Dealing with rejection

One of the limitations of the off-the-shelf approach emerges when the therapeutic T cells enter the patient’s body. The patient’s own immune system recognizes the cells as foreign, such as it happens with organ transplants, and may reject the therapeutic cells.

“This is a major problem because rejection not only would reduce the duration of the T cells activity against the tumor, but also would preclude giving subsequent doses of cells. The immune system would reject subsequent doses of the cells right way,” said first author, Feiyan Mo, graduate student in Mamonkin’s lab. “To solve this problem we thought that the best defense was a good offense.” The researchers gave the therapeutic T cells a tool that would enable them to fight back the attack of the patient’s immune cells against them. They genetically engineered the therapeutic T cells to express a receptor called alloimmune defense receptor, or ADR. ADR recognizes a specific molecule, called 4-1BB, that is only expressed on the patient’s activated T cells and natural killer (NK) cells that would attack them. 4-1BB is not expressed on resting T and NK cells that do not turn against the therapeutic T cells.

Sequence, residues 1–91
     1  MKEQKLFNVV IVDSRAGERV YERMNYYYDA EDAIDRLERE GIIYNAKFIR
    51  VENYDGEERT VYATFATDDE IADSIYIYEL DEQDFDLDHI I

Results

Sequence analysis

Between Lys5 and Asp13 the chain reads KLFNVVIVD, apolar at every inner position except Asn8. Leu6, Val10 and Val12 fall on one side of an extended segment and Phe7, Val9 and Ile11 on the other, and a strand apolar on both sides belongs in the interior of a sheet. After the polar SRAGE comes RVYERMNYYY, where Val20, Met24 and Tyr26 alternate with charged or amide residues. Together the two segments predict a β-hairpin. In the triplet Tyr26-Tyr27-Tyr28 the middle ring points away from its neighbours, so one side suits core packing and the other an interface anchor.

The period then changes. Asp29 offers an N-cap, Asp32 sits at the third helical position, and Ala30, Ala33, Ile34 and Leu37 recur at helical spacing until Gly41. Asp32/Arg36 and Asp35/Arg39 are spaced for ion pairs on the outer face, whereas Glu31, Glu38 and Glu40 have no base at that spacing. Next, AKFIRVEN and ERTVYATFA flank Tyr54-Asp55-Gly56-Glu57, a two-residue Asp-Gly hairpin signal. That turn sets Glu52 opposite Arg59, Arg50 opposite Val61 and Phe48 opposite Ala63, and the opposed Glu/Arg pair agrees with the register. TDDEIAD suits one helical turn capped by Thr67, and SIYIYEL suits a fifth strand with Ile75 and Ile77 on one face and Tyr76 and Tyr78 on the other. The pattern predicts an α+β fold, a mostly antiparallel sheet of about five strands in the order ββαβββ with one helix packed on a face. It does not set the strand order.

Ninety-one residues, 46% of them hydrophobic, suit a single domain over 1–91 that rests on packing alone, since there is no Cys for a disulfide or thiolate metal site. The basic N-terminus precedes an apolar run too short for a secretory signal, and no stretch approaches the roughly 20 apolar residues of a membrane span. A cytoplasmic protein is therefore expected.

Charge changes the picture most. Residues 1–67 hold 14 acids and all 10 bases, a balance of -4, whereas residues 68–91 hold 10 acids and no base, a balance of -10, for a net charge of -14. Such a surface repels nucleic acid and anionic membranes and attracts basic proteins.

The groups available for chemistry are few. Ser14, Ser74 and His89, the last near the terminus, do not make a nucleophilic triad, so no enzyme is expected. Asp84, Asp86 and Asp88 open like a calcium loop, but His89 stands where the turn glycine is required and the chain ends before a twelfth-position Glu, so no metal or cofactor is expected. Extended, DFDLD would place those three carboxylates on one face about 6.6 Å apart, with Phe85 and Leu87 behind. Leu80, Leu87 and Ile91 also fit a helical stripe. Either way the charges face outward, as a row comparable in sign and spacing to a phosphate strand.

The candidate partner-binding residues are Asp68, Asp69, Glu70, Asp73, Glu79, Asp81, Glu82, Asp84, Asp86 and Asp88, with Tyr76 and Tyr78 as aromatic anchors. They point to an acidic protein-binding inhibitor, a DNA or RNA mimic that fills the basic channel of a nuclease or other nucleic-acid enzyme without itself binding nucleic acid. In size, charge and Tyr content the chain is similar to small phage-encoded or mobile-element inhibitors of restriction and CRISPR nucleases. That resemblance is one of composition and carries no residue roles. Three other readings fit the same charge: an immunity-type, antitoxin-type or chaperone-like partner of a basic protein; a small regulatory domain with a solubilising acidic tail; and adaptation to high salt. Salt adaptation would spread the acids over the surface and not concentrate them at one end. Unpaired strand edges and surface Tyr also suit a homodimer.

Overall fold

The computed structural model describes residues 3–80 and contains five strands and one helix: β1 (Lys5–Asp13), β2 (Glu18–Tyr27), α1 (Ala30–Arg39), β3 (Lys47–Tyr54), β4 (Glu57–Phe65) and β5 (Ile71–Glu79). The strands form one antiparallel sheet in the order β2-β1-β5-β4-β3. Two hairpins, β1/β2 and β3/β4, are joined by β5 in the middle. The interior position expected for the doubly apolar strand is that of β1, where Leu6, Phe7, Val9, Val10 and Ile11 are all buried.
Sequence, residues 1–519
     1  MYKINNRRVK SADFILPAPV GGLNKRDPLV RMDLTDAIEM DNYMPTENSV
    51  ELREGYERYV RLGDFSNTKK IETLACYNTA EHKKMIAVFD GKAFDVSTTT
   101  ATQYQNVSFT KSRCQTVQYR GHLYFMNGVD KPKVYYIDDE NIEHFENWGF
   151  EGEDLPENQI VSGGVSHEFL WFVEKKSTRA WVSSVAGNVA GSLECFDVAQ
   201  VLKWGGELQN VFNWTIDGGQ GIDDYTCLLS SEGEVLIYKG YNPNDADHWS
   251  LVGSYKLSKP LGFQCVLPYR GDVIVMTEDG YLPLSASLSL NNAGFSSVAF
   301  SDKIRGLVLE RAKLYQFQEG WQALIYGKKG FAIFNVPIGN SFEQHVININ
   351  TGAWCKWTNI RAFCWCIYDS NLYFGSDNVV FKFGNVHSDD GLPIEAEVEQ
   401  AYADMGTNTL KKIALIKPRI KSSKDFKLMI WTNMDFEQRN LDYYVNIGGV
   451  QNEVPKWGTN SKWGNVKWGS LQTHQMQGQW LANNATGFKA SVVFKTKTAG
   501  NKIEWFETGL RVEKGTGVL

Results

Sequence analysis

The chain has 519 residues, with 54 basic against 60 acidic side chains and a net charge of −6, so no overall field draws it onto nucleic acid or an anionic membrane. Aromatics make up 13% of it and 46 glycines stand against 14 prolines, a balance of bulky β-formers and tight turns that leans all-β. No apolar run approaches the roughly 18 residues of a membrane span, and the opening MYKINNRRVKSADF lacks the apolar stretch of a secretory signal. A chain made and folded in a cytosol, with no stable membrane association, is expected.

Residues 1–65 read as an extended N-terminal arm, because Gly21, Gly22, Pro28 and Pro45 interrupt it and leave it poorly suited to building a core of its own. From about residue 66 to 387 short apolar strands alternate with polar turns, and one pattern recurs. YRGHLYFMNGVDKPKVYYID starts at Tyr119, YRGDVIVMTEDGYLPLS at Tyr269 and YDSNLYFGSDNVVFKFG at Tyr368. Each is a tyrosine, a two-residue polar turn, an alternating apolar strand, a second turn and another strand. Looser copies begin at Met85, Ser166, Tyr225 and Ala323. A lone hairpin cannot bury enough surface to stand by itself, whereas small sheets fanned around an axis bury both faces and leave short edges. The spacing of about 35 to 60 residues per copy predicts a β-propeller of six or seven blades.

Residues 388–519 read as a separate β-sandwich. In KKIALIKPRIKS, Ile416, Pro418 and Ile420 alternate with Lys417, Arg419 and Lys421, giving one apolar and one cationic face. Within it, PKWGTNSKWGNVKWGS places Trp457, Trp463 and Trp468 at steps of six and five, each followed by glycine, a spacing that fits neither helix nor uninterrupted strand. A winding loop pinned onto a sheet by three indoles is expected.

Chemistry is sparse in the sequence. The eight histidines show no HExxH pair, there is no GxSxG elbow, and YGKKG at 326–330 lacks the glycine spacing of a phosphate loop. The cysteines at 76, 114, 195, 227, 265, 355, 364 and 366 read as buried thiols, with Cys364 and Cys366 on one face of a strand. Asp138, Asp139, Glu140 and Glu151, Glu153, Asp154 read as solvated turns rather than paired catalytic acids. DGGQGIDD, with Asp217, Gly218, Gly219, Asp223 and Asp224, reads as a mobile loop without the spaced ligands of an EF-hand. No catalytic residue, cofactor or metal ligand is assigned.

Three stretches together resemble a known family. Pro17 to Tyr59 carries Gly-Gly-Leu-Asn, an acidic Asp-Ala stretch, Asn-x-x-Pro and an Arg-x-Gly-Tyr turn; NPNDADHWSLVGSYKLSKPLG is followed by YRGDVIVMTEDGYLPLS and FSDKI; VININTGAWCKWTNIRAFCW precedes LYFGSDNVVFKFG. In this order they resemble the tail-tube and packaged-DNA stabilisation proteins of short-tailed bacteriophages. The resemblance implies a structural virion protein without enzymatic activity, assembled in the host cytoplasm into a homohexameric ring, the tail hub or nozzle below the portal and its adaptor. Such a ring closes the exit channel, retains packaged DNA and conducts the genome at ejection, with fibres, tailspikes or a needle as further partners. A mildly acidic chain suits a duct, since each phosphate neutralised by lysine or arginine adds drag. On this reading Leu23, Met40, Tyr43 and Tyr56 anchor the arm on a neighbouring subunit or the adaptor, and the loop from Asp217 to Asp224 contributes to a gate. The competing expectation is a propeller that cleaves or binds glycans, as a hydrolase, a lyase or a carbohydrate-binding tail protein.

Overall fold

“Both experiments in the lab and animal models with blood cancers or solid tumors showed that ADR protected off-the-shelf therapeutic T cells from being rejected,” Mo said. “Not only did they resist rejection, but they also expanded more and persisted longer than therapeutic T cells without ADR.” The researchers are optimistic that this approach may also work in patients. They plan to conduct clinical trials on 2021.

Beyond cancer applications

“If successful, this approach can be extended to targeting other disease-causing T-cells, such as those rejecting transplanted organs, mediating graft-versus-host disease or perpetuating autoimmunity,” said Mamonkin. “We are very excited to develop this concept for several applications beyond cancer therapy.” This technology has been licensed to Fate Therapeutics, a clinical-stage biopharmaceutical company that plans on integrating ADR into their clinical products.